Women Are More Emotional Than Men, But Just As Rational In Their Decisions
Men are from Mars, women are from Venus. Well, maybe not exactly, but one thing's for certain; they don't think the same way.
New research published by the Society for Personality and Social Psychology took a more in-depth look at some of these gender differences, examining why men are typically more willing to accept harmful actions for the sake of the greater good than women. The key to the findings, however, was that the moral judgments were not rooted in reasoning, but rather in emotion.
"Women are more likely to have a gut-level negative reaction to causing harm to an individual, while men experience less emotional responses to doing harm," said lead research author Rebecca Friesdorf, going against the common stereotype that women are more emotional and less rational.
In a large-scale reanalysis of data from 6,100 participants, researchers examined gender differences in judgments regarding moral dilemmas. Participants were asked 20 questions that posed various moral dilemmas that included such things as torture, murder, lying, abortion and animal research.
The study zeroed in on two contrasting philosophical principles that relate to ethics. In deontology, the morality of an action depends on the consistency with a moral norm. Eighteenth century philosopher Immanuel Kant was the most famous proponent of the theory, arguing that it was always wrong to lie. On the other hand, utilitarianism holds the believe that action is moral if it maximizes utility or the greatest good for the most people. This might mean that something was ethical in one situation and unethical in another, depending on the outcome.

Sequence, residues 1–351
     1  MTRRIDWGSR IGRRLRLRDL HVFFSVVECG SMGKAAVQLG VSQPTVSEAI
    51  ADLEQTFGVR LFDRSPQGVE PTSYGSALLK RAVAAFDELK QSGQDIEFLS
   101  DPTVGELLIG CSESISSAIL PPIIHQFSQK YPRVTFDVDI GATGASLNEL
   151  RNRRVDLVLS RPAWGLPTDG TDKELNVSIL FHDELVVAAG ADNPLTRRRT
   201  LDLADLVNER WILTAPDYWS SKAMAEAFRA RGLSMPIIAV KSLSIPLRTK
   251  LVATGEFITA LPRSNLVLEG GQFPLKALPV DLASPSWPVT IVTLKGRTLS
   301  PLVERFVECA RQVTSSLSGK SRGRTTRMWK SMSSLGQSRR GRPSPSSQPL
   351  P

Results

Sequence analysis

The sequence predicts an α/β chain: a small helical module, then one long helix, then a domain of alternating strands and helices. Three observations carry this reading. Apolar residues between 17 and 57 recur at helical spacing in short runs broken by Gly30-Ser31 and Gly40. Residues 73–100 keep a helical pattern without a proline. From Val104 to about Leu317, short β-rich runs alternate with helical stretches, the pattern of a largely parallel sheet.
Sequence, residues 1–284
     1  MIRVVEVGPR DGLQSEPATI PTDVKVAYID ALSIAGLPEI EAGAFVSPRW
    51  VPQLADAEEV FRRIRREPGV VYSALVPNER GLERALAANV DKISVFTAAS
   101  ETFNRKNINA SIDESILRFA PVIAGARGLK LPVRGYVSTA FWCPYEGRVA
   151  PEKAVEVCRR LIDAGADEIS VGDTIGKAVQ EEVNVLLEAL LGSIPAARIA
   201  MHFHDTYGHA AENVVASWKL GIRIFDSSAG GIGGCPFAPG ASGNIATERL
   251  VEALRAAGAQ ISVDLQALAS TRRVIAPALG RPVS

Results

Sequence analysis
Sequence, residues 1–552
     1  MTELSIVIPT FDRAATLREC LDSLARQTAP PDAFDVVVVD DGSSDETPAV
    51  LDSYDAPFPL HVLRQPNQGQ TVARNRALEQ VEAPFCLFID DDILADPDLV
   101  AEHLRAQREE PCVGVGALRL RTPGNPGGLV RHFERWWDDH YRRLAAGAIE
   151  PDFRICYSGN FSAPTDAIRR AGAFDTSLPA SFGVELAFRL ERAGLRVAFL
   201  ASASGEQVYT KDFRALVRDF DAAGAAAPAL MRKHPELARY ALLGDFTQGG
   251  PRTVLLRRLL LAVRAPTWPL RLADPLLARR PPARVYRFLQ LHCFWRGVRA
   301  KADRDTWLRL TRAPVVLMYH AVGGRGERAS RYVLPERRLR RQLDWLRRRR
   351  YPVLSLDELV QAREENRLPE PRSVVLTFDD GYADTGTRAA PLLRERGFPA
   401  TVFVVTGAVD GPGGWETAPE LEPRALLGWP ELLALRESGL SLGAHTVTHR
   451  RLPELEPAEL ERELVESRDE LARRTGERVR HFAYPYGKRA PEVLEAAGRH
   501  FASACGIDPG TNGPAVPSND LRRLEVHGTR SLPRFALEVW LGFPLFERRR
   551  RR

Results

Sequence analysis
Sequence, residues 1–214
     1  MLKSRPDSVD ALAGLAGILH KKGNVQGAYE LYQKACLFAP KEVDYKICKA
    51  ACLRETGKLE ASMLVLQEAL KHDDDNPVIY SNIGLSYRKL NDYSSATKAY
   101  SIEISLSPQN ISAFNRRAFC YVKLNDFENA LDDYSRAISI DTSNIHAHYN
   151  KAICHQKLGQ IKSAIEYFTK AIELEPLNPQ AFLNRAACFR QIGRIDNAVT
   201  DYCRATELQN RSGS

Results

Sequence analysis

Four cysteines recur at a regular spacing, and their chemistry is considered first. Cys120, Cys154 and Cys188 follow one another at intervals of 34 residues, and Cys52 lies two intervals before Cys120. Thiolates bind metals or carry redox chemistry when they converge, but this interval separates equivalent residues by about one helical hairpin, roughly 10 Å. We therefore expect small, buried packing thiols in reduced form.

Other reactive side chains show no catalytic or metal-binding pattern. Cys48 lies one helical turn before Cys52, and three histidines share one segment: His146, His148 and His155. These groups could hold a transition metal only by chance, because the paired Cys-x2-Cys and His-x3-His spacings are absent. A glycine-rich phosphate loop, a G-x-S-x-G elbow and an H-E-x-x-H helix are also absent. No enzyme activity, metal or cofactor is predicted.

Researchers found that women were more likely than men to adhere to deontological principles than utilitarian ones. However, researchers did not see a difference between genders when it came to utilitarian reasoning.
Overall, the findings suggest that women are more resistant to causing harm than men. However, both genders engage in similar levels of rational thinking regarding the outcomes of harmful action.